The Rigorous Road to Board Certification - and Why It's All Worth It
Has your legal career stalled in recent years?
Then it may be time to rethink your marketing plan, or better yet, consider becoming board certified.
Board certified attorneys are among an elite group of lawyers who have met the rigorous requirements - beyond the bar exam and continuing education - to be recognized as legal specialists in a specific area of practice.
A board certification credential can:
Allow you to charge a higher hourly rate
Help build a bigger book of business
Strengthen networking ties
Increase direct referrals.
Board certified attorneys carry a distinction of excellence and, more often than not, are more attractive to prospective clients and to referring attorneys.
Clients are looking for differentiators....what makes one lawyer a better choice over another? Board certification is that differentiator. In choosing between unknowns, clients tend to make the safest choice.
Referring attorneys know that clients are relying on the reliability of the referral. So making a referral to a board certified lawyer over one who is not is a no-brainer.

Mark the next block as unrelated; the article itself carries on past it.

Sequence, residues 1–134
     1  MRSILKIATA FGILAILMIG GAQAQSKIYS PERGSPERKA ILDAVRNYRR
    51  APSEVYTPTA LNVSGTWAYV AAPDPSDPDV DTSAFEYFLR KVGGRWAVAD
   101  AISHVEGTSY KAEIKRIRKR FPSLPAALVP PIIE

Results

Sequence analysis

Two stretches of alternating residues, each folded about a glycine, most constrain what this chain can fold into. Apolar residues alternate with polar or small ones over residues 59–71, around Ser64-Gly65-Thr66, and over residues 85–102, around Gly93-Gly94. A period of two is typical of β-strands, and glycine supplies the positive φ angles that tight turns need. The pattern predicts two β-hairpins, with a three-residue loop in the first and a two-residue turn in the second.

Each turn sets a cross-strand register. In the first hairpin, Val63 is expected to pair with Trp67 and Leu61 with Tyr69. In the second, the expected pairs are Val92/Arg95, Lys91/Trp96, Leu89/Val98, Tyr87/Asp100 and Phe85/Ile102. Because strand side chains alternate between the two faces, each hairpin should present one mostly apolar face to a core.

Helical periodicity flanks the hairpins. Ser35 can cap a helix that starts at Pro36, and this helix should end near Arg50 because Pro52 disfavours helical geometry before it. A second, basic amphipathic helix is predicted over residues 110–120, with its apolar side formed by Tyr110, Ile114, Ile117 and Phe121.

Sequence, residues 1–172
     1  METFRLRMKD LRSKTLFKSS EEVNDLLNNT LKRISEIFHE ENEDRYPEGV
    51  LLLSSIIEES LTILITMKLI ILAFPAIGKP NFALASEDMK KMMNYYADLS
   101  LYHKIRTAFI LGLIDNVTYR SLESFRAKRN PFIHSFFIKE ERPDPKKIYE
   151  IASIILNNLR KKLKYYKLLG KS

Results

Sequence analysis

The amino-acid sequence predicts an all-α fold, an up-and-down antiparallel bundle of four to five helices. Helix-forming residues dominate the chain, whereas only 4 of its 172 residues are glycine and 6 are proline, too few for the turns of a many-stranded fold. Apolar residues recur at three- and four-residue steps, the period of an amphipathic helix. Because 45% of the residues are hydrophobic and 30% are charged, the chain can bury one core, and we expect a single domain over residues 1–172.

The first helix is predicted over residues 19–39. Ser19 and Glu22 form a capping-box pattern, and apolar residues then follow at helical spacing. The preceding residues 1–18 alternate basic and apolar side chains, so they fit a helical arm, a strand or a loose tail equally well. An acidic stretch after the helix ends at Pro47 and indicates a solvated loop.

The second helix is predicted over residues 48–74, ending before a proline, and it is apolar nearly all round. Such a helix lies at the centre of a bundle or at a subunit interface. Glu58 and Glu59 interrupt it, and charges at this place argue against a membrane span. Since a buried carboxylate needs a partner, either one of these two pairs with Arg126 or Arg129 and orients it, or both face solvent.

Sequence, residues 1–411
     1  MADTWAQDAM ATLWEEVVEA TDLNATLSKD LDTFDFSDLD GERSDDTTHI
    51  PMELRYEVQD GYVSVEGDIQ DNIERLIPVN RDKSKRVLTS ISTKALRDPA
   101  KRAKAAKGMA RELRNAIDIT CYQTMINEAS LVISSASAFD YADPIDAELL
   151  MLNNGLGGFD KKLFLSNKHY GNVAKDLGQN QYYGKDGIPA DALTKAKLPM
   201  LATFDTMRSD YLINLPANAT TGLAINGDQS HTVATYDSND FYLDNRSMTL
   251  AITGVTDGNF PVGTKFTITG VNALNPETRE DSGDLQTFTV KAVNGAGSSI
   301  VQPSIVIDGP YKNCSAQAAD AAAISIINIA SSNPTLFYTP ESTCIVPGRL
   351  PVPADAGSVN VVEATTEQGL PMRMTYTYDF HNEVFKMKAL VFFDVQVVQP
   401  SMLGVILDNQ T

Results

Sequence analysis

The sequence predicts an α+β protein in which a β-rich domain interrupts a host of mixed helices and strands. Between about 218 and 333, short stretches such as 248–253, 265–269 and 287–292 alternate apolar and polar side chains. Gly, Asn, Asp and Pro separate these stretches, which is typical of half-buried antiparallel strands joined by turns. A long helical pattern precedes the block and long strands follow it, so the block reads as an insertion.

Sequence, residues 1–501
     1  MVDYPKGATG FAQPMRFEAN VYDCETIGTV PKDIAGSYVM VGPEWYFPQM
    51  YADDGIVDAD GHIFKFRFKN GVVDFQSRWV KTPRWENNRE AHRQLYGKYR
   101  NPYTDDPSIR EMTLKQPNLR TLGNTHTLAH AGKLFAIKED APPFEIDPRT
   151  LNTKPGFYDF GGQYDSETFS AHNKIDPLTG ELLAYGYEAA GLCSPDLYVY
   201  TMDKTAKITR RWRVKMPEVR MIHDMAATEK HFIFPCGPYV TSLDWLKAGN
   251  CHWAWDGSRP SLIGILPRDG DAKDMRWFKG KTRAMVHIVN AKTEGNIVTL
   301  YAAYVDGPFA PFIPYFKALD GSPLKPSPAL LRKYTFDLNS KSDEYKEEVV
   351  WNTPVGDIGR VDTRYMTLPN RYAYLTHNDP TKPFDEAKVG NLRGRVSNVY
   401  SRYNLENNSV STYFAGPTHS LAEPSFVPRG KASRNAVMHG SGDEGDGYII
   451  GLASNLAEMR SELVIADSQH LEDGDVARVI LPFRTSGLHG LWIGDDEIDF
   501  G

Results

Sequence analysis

Unfortunately, the road to board certification isn't easy. The process can be time consuming and incredibly stressful.
Only attorneys with a desire to excel in a particular specialization will become board certified. Popular areas include personal injury law, civil trial law, criminal and family law.
Attorneys who work in a general practice area often don't qualify for board certification simply because they don't have enough specialized work to build up credentials for certification.
The Board Certification Process
The process of becoming board certified is strictly voluntary.
First time attorneys must meet a number of eligibility requirements, such as practicing law for a minimum of five years, with 25-35% of the last three years of practice devoted to a certifiable specialty field.
An attorney is also required to perform certain tasks related to their field of practice, including:
Real estate contracts
60 hours of continuing education classes in the specialty area during the three years prior to apply for board certification
Furthermore, applying attorneys must receive favorable peer reviews, and pass a six-hour written exam.
Keeping your Credential
Getting credentialed is one thing - keeping it, however, is another feat.
After becoming certified, you must continue working in your specialty area, and take an average of 20 hours of continuing education classes in that area every year.
After the first certification, attorneys can re-apply every five years to become re-certified and, again, must receive favorable peer reviews.
Excel in What you Do Best!
Join the ranks of other board certified attorneys in your field by GOING THE DISTANCE!
Push yourself to become board certified in your field of practice - then reap the rewards as your business grows.
Becoming board certified may be the best thing you can do for your career - and yourself. Make that your goal this year!